In an interview to TNM, Climate Risk Horizons CEO Ashish Fernandes explains why TANGEDCO needs to abandon plans to build more coal power plants.

Interview Why TANGEDCO is going bankrupt and what can be done about itPTI
news Electricity Sunday, June 19, 2022 - 16:02

Before he made his Budget speech this year, Tamil Nadu Finance Minister Palanivel Thiagarajan released a white paper on the state’s finances which devoted a section to one Public Sector Undertaking — Tamil Nadu Generation and Distribution Corporation (TANGEDCO). The PSUs finances have been in the red for several years, and the finance minister had said that the PSU had to be restructured as it had been unable to recover operational costs, pending bills with mounting interest as well excessive capital expenditure. TANGEDCO is among the most significant contributors to the state’s debt burden with mounting interest costs, and the construction of new coal plants is only likely to make the situation worse. 

In an interview with TNM, Ashish Fernandes, CEO & Lead Analyst of think tank Climate Risk Horizons, stressed that TANGEDCO adding more coal plants is hardly the answer to its problems. According to the New Indian Express, after the power crisis earlier this year, TANGEDCO was planning to speed up the commissioning of power projects, including coal plants at Ennore, Udangudi, and more. As per the report, it aims to complete this by 2024.

Ashish says that the financials of TANGEDCO are unchanged, but speeding up this project only translates to taking on more debt and doesn’t make economic sense either, apart from the environmental and climate issues.

Elaborating on why TANGEDCO’s finances are currently in the shape they are, Ashish said, “The demand projections that most states including Tamil Nadu have been dependent on have not come to fruition. There's excess capacity. They have taken on the debt, they have built these power plants, and then they find that they are running at 50-60% plant load factors (a plant’s capacity utilisation). When it runs at that, you're still paying off the debt, and your variable costs go up because your plant capacity factor is lower. Therefore, electricity that you are purchasing or producing is more expensive than you anticipated. You either have to pass that on to the consumers or you have to subsidise it. If you subsidise it, that means a loss and you go into the red. This is one of the main reasons that TANGEDCO is suffering right now, because of the string of power plants that they have built in the last 5-6 years and have taken on the debt for. Instead of addressing that, to propose that you will build more power plants, makes absolutely no sense economically.”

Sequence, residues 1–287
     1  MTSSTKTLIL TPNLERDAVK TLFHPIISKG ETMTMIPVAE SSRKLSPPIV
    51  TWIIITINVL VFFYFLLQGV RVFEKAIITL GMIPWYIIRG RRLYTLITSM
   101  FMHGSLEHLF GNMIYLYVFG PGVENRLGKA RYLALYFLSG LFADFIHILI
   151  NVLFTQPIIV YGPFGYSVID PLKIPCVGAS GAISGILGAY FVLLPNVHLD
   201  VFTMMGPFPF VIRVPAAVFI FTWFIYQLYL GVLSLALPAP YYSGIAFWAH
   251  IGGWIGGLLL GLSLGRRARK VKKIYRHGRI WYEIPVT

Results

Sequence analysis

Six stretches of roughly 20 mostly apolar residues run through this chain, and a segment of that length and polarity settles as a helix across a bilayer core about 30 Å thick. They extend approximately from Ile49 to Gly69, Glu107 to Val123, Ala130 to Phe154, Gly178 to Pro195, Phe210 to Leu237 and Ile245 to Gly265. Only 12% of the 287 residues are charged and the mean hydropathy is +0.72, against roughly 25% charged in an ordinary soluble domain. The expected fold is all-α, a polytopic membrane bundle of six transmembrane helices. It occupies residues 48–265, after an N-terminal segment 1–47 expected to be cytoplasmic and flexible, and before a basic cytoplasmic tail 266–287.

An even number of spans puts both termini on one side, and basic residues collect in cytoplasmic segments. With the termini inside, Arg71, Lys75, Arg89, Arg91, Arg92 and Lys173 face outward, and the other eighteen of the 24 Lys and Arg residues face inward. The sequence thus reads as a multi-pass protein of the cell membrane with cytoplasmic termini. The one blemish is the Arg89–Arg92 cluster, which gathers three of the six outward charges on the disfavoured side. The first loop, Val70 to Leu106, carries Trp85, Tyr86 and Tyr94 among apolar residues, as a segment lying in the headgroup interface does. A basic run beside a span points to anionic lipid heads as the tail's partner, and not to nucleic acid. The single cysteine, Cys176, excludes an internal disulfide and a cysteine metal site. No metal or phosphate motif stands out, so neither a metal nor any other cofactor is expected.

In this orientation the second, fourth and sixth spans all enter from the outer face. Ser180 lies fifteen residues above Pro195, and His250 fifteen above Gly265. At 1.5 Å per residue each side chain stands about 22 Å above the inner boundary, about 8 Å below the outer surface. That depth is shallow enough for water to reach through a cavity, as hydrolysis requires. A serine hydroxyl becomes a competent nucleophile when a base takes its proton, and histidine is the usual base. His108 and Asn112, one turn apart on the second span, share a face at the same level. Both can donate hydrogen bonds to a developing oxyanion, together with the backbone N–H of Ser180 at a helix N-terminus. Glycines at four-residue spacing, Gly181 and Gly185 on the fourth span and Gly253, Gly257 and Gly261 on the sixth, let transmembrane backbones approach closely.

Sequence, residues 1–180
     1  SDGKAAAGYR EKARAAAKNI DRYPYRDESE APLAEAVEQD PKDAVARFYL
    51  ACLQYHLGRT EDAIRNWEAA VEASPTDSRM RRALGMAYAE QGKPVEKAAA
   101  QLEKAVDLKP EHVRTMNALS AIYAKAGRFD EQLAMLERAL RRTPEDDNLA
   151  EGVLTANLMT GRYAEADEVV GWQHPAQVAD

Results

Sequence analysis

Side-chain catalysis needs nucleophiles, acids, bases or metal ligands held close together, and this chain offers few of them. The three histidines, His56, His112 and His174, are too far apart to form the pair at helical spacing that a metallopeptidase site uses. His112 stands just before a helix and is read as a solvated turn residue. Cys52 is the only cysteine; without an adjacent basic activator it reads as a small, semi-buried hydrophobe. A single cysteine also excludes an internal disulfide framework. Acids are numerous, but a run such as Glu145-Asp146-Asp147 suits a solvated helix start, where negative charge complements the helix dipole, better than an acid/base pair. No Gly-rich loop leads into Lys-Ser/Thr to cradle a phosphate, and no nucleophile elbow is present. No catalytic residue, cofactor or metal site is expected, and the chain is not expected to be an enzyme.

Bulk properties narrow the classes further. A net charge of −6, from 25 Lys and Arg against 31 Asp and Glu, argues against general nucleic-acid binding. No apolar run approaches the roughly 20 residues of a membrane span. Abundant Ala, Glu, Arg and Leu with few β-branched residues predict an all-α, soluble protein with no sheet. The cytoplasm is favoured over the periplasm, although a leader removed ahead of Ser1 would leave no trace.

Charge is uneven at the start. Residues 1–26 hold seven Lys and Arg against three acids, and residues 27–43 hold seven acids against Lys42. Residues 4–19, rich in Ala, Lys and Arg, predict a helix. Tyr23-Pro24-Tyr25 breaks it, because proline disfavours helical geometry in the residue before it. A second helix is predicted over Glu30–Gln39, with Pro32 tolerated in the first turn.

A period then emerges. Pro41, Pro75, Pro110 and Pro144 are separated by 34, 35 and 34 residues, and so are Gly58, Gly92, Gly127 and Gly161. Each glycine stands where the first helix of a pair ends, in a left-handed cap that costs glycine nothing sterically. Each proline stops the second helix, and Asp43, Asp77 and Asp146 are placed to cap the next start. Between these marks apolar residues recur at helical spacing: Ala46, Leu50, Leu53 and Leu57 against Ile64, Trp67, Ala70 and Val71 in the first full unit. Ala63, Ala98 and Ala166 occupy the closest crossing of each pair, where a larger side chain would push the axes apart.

He adds that Tamil Nadu already has a surplus of capacity, and demand will continue to grow as it should. “The cheapest, most cost-effective way of meeting demand is no longer coal. It's renewables. Renewables aren’t just cheaper. Also, they don’t take as long to come online,” he says. 

He cites the example of the proposed power plant expansion at Ennore and is yet to begin construction. Even if the government were to accelerate the pace, it would take a minimum of 4-5 years to come online while a significant amount of debt has to be taken on. Climate Risk Horizons had earlier explored the financial implications of the project.

Read: Tamil Nadu’s Ennore is a case study in climate recklessness and environmental casteism

He stresses that the demand growth trajectory in Tamil Nadu even pre-COVID was below predictions and that there are cheaper and more flexible ways of meeting the current demand.